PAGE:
What goes on in a forest might be none of our business. Curious minds, however, always want to know.
In the lower canopy layers of Appalachian forests, a particular tree known as striped maple (Acer pensylvanicum) does something that very few trees do.
It changes sex.
Males become females. Females become males.
In academic circles, this phenomenon is known as sequential hermaphroditism. Some plants do it when stakes are high. In the case of striped maple, males become females even if it kills them.
Why does this happen, and what else is known about sex changes in plants? In a brand new video, I introduce some important questions and wonder about them aloud.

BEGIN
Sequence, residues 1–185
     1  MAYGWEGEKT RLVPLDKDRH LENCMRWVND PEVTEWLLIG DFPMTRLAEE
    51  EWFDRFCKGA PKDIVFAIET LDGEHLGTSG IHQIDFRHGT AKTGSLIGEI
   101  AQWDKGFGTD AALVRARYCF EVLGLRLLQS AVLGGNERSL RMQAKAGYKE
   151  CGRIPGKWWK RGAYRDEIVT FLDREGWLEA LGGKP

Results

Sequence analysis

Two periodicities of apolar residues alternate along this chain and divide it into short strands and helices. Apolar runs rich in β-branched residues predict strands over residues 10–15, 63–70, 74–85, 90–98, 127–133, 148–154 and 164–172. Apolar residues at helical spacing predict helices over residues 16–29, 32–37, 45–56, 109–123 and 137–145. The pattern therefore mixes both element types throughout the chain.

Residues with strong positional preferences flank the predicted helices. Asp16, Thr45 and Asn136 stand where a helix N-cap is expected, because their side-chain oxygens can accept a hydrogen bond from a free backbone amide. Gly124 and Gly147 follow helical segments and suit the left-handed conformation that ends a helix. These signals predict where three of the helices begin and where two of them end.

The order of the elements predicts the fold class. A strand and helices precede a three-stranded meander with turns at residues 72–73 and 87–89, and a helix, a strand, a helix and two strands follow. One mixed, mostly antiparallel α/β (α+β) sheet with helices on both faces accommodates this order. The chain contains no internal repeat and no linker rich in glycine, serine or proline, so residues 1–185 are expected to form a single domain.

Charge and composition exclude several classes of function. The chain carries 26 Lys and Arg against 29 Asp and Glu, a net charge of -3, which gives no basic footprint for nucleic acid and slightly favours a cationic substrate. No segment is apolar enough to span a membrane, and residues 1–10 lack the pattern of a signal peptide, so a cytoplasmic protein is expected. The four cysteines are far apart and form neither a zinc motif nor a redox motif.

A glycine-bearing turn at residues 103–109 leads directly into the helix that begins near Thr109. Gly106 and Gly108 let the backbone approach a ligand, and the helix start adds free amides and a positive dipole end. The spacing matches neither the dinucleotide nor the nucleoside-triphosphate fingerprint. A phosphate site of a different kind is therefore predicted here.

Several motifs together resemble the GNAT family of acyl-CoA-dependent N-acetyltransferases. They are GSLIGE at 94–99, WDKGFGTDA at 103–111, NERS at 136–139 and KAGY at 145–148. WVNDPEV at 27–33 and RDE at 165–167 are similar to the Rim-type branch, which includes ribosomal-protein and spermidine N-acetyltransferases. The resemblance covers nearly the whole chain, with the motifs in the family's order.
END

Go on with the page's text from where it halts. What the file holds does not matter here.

If you’re interested in learning more, check out the brand new video!
This animal does not change sex but it does change the way people maneuver through the woods. I recently spotted a few timber rattlesnakes in a Pennsylvania forest. To see photographs and to read more about my encounters, check out the latest Instagram post!Click to view post
Thanks for reading and watching, and thanks for your continued support!